Persons with low grade chronic illness frequently experience wide fluctuations in health within surprisingly short intervals. The blood sedimentation rate does not reflect such changes, but most other reactions show almost immediate changes with changes in severity of the symptoms.

    If streptococcal intoxication is the common denominator in chronic diseases, as appears likely from what has been discussed, and if the quat precipitable substance is a reaction product of streptococcal intoxication, then the quat titer should rise and fall with fluctuations in severity of symptoms. This was shown to be true in studies of thousands of persons. [Is it possible that "the quat precipitable substance" is also a reaction product of other microbial infections?]

    Since several other biochemical reactions give results parallel with the urine titer, the differences in results obtained by these methods when they are repeated within a short interval in the same, or another laboratory, may not be the result of technical error as is generally supposed, but of fluctuations in severity of the disease processes.

    Top -- Home

    Oxidation-reduction potentials in the body.

    It would be expected that liberation of the extracellular reducing principle by the reductogenic streptococci would lower the O/R potentials in the body.

    Since different tissues and fluids show variations in H-ion concentration, it would be expected that they may show differences in O/R potential also.

    To a certain extent the pH of the urine is related to acid-base relationships elsewhere in the body. Therefore, I studied the reducing power of the urine, believing that it might reflect O/R relationships in other parts of the body.

    In using the term "O/R potential of the body," I intend it to connote general Eh relationships in the sense that, e.g., acidosis which is a general condition has little to do with the pH of the gastric contents or vaginal secretion.

    I found that determination of the reducing power of the urine is significant when the person refrains from smoking and from an excess of ascorbic acid prior to collecting the urine specimen.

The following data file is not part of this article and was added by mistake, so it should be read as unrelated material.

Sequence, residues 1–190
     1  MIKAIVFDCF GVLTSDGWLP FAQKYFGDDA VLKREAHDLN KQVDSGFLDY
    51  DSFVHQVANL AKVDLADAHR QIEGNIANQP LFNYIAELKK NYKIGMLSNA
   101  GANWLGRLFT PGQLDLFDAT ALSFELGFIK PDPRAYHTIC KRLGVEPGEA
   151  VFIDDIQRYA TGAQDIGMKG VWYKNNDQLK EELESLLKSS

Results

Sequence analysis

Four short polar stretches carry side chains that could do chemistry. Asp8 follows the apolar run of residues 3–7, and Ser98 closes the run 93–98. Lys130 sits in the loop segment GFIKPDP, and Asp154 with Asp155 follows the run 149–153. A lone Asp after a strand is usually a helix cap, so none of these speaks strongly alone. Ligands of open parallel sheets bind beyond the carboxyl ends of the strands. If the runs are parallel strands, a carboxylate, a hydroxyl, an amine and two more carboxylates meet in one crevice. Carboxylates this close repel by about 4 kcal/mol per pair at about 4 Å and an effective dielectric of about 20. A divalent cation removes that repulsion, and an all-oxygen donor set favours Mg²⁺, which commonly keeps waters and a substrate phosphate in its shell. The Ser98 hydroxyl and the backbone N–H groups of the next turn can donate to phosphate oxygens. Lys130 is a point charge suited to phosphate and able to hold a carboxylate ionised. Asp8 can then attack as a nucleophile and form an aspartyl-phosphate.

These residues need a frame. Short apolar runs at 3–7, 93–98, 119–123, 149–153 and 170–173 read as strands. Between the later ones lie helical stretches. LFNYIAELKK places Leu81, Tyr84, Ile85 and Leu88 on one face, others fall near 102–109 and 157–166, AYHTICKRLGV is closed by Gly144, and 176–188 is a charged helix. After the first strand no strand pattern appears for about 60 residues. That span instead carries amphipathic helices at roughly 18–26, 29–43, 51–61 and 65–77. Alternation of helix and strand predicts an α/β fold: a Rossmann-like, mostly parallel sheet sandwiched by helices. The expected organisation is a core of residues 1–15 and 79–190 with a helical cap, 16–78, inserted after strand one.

Ascorbic acid in amounts above 75 mg. per day may be excreted for several days after the dose is taken, and this affects the reducing power of the urine for several days.

    Because of the large number of experiments, I measured the reducing power of the urine by the volume of the indophenol solution which was reduced by 5.0 ml. of urine, pH 7.0, in 10 min.

    Strict euthyroids showed no reduction of the indicator, but other persons sometimes reduced more than 1.0 ml. of the indophenol. Those specimens which reduced strongly were retested, using 1.0 ml. of urine diluted with 4.0 ml. of water.

    The reducing power of the urine usually is parallel with the quat titer, etc. (FIGURE 1). This indicates that the gummy substance produces a subnormal state of oxidation of the body.

                                 FIGURE 1
    
           Parallel between Quat Titer and Reducing Power
       ___________________________________________________________
      |                                                           |
    ##|  ## Quat Titer              && reducing power         &&  |
      |     (********)              of the urine as               |
      |                             ml indophenol                 |
      |     rate of                 (XXXXXXXXX)                   |
      |.1   excretion (OOOOOOO)                                   |
      |       O                                                   | 
    50|.2      O   X                        OOOOOOO          .250 -
      |ml/min   O XX                       O       O          ml  |
      |.3        X  X                     O          O            |
      |         X O  X                   O             O          |
    40|.4      X   O  X                 O                    .200 -
      |      X      O  X               O                          |
      |.5  X         O  X             O                   O       |
      |  X            O  X           O                      O     |
    30|X               O  X         OXXXXXXXXX               .150 -
      |        *        O X        OX         X               O   |
      |.7     *  *      O X       O* * * * * * *X              O  |
      |      *    *      OX     *OX             *X             O  |
    20|.8   *      *     O X   *OX               *X          .100 -
      |    *        *     O X *OX                   X * ** * * O  |
      |.9 *          *     O*XOX                      X       *O  |
      |  *            *   * O X                         X      *  |
    10|1.0             * *                                    .50 -
      |                 *                                 X     O*|
      |1.1                                                  X   O*|
      |                                                       X  O|
     0|1.2_______4____GR. THYROID_____4______4______4___________XX|
    
      9      10     11     7      8      9      10     11     12     
                  PM                      AM
    
    

    Stiles (22) showed that about 85 percent of chronic invalids have a subnormal [below 0?] basal metabolic rate. Therefore, I studied the effect of desiccated thyroid on the reducing power of the urine.

    I took 4 grain doses at frequent intervals and found that they improved, not only the oxidation of the urine, but the quat titer, rate of excretion, urates on refrigeration, and H-ion concentration. Changes in the first three are shown in FIGURE 1.